A friend or family member (45%) was most frequently mentioned as the form of transportation respondents use most often. About one in four (28%) had their own car, and one in ten respondents (9%) said the bus was the form of transportation they use most often.

One in four respondents (25.5%) need low cost door to door transportation and 15.4% are currently receiving it. Additionally, one in four respondents said they need assistance using public transportation (23.5%), whereas just 17.5% report currently receiving this service.

Housing

The majority of respondents live with family members (67%). About one in five (21%) lives alone. Most consumers (71%) live in a single family home or apartment (15%). Over half of consumers own their own homes (55%). Just 15% of all consumers surveyed receive rental assistance from the state of Kentucky.

The vast majority of consumers are very or somewhat satisfied (92%) with the accessibility of their residence. 3% are very dissatisfied. Among those who are dissatisfied with the accessibility of their residence, half said the reason for their dissatisfaction was the lack of physical accessibility (such as the need for a ramp) and 14% said that the location was not convenient to major transportation routes. Although affordable housing is a concern to many, just 6% mentioned cost as the reason for dissatisfaction with their current residence.

Information Needs

About one in four consumers (23%) said they do not have access to books, online newspapers or Internet content. Although additional help is needed by many consumers, many are currently receiving these services. In particular, one in three consumers (33%) currently receives help in using the library services.

During focus groups and interviews, consumers expressed concerns about the cost of assistive technology. The Bluegrass Council for the Blind in Lexington operates a popular lending library where consumers can ’try out’ a piece of technology before deciding whether or not to purchase the equipment.

Community Rehabilitation Partners (CRPs)

The majority of CRPs interviewed (55%) said they have not received any referrals from the Office for the Blind in the past year.

Although most had training specific to serving the blind and visually impaired, four CRP respondents out of the 11 interviewed had no training. One of these four had placed a blind individual in the past, however that was not through a referral from OFB.

Training was most often mentioned as the thing that CRPs felt OFB could do to assist them in placing blind and visually impaired consumers into jobs.

The Community Rehabilitation Partners interviewed had varied ideas about the greatest unmet need for blind and visually impaired people looking for work. Educating employers about the abilities of blind and visually impaired workers was suggested by one CRP, who said "Getting their foot in the door is the hardest part, and just getting an opportunity. I even had people who would not let this person volunteer."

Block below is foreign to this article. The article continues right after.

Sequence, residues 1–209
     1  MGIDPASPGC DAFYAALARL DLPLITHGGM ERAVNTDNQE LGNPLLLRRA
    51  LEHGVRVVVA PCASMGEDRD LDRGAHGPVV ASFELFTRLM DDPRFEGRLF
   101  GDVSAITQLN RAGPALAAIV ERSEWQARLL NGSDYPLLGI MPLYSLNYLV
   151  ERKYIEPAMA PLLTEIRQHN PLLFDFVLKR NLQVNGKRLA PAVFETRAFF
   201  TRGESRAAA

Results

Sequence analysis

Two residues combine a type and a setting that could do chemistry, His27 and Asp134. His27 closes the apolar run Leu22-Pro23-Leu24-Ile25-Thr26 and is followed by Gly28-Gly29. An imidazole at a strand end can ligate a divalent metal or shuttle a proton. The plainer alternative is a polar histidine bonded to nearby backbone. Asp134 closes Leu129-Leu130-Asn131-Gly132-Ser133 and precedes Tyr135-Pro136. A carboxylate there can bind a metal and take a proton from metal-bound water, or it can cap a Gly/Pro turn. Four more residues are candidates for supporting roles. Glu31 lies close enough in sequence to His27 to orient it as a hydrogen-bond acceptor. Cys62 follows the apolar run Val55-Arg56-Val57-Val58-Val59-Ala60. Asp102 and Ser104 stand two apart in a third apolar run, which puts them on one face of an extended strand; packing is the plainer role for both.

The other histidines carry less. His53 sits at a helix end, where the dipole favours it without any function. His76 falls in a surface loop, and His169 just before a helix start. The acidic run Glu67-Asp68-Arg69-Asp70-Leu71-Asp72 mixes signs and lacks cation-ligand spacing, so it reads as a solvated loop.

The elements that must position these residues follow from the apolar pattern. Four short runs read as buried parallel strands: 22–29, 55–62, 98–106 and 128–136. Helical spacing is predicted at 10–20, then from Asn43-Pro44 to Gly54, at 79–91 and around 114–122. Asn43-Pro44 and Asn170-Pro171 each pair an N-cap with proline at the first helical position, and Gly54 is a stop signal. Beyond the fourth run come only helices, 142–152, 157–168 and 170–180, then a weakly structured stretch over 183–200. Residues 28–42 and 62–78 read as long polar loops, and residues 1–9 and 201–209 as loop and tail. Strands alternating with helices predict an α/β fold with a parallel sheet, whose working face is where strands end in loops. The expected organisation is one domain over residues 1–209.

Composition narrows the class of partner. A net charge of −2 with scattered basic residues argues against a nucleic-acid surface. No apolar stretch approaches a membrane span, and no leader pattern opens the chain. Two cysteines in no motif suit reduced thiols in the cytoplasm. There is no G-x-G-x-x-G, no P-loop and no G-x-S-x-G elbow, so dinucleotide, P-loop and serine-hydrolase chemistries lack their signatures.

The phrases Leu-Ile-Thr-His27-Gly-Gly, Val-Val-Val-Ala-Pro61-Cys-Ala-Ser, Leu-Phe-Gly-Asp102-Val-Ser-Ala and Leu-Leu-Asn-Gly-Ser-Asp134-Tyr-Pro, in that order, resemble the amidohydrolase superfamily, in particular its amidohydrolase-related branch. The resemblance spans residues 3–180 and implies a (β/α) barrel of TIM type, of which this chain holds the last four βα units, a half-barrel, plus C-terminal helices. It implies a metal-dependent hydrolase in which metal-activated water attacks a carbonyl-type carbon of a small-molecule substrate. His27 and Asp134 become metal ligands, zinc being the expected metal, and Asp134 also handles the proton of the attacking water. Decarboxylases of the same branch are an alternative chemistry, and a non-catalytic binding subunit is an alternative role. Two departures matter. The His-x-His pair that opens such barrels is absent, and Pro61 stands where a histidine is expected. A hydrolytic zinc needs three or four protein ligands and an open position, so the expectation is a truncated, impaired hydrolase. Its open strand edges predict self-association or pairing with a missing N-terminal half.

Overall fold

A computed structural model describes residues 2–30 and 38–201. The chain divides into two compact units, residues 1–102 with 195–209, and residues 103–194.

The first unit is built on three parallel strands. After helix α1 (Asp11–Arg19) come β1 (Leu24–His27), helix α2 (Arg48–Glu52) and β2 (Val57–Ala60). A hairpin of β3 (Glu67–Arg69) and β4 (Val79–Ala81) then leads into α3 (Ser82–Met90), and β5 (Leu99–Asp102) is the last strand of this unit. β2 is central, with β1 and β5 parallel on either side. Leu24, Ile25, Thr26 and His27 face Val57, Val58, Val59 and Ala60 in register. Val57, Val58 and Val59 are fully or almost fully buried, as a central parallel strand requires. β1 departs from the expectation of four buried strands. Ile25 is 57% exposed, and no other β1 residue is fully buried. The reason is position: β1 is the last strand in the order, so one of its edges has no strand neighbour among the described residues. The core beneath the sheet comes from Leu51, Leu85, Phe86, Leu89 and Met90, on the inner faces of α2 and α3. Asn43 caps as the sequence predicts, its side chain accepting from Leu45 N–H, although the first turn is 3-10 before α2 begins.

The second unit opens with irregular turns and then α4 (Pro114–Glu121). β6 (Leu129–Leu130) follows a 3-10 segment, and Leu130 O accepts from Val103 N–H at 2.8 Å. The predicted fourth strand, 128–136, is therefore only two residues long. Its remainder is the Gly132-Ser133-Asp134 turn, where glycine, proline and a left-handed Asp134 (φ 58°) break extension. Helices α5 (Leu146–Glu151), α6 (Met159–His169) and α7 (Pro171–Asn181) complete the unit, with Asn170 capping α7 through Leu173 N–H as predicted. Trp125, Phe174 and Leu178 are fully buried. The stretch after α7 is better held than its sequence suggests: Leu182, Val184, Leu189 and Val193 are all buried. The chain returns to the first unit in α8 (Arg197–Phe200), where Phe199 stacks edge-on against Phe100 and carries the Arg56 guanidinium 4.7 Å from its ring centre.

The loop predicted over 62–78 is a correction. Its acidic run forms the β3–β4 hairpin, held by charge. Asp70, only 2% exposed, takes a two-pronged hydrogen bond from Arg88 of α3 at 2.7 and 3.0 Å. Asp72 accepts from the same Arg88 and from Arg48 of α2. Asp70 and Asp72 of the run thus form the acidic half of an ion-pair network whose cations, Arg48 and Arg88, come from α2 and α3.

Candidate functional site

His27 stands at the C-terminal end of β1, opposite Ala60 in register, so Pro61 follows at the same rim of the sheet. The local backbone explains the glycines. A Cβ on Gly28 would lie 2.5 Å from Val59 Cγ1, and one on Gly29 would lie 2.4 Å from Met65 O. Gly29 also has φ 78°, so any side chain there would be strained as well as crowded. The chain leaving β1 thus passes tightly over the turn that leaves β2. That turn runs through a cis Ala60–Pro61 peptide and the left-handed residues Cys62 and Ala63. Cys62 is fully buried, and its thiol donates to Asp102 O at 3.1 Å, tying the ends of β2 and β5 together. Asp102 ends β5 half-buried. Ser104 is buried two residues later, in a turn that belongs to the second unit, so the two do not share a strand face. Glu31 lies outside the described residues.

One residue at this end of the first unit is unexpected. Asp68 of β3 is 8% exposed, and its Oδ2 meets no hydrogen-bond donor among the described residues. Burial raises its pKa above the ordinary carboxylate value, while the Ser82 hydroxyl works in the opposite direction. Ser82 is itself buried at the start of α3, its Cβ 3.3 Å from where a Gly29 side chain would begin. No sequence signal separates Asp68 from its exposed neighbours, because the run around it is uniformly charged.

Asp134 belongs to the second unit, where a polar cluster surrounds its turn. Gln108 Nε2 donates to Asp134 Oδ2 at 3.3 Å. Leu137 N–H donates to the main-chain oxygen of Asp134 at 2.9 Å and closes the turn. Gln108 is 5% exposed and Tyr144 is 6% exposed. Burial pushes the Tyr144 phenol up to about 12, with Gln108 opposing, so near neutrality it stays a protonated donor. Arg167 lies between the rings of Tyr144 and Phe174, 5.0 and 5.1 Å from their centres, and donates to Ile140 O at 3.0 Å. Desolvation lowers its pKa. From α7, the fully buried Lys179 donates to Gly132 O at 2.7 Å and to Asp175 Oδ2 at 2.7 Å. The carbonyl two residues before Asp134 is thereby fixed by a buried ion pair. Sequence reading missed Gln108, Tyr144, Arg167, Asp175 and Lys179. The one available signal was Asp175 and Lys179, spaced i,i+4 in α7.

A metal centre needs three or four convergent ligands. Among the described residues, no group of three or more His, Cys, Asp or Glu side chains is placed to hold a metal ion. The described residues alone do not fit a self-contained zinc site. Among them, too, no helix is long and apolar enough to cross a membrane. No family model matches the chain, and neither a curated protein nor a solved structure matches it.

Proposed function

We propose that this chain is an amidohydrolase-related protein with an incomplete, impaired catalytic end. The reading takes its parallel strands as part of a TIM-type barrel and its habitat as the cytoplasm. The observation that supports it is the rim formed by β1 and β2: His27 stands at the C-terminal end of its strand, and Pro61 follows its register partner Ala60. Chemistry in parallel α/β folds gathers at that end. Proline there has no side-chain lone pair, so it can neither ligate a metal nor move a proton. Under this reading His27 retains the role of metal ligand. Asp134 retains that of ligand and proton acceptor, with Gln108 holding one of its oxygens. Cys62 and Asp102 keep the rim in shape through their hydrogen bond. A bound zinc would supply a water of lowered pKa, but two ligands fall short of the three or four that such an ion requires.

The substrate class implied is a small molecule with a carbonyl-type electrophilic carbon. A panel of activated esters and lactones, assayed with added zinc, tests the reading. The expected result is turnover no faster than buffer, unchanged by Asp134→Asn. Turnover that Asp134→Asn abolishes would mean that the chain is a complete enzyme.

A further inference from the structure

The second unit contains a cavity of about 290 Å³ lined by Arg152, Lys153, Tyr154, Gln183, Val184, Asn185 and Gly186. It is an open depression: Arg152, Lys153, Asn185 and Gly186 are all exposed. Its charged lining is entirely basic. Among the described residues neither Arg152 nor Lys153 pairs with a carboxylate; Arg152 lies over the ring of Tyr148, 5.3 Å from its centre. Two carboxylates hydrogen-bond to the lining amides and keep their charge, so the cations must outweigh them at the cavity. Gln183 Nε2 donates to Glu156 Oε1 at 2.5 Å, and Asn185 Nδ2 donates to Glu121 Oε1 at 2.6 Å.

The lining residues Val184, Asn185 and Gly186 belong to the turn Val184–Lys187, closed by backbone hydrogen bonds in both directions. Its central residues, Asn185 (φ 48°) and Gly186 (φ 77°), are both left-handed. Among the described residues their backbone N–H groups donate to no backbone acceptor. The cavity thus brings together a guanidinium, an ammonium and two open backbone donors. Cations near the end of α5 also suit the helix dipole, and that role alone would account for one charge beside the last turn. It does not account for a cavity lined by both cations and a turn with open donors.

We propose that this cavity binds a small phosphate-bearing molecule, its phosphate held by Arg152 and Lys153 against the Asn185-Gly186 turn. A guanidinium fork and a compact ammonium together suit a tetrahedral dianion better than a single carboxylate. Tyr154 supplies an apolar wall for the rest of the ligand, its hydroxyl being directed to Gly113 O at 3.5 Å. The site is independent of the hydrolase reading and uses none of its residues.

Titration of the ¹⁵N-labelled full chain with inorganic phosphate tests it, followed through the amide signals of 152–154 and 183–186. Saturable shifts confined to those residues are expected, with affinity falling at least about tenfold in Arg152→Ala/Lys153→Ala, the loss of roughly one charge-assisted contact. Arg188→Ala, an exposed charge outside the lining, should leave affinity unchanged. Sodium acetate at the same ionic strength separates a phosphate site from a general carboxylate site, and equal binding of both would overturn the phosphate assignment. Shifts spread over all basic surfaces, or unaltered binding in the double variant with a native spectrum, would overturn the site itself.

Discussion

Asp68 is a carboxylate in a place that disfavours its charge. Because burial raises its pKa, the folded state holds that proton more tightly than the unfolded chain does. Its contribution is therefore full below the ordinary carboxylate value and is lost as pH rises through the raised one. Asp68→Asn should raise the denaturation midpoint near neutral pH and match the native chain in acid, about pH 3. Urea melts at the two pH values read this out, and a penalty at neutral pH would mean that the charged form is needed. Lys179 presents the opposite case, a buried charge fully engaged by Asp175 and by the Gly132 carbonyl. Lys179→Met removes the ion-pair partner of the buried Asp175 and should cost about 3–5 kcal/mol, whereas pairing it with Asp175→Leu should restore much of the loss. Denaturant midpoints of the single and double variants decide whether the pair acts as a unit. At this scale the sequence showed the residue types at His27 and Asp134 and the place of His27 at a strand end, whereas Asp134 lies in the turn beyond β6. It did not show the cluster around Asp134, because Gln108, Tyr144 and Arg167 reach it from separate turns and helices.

In addition, once employed many workers need additional services to be successful at their job. "Ongoing follow-up is needed. Someone to make sure they have what they need to be able to do their work. Just a magnifier or something simple like that can make all the difference, but there needs to be someone who goes back to make sure after they’ve been in the job, that they have what they need."

Employers

Employers interviewed said that the OFB and other stakeholders provide a wide variety of trainings and information with respect to hiring blind or visually impaired employees. One of the employers knew exactly who in the OFB to call if he had any questions or concerns while on-boarding a new employee with vision-related needs. However, this employer still wanted more information regarding the programs through the OFB, citing she wanted "more familiarity with the program."

One employer had not hired anyone in the past year with any visual impairments, but had done so in the past and was anxious to do so in the future. This employer strongly valued the diversity and value that working with the OFB has brought to their site in the past.

When asked for feedback about their relationship with the Office for the Blind, one employer stated that they were "great at getting equipment out [to the work site]" and that they had all the necessary resources and information to hire individuals with visual impairments.

Optometrists and Ophthalmologists

Just 10% of the practices surveyed work with a low vision rehabilitation specialist. 82% refer their patients to rehabilitation providers outside of their offices. When asked to whom they refer patients, one in three (34%) did not know, and about one in four (27%) refer to the Office for the Blind.

When asked what services are offered by the Office for the Blind, assessment services were named by almost half of the providers surveyed (44%). Although some providers had a higher rate of patients with low vision needs, these providers were no more knowledgeable about OFB services than their peers.

When asked what percentage of those who need low vision rehabilitation services receive them, half of the providers surveyed (52%) said that less than 25% receive needed low vision rehabilitation services.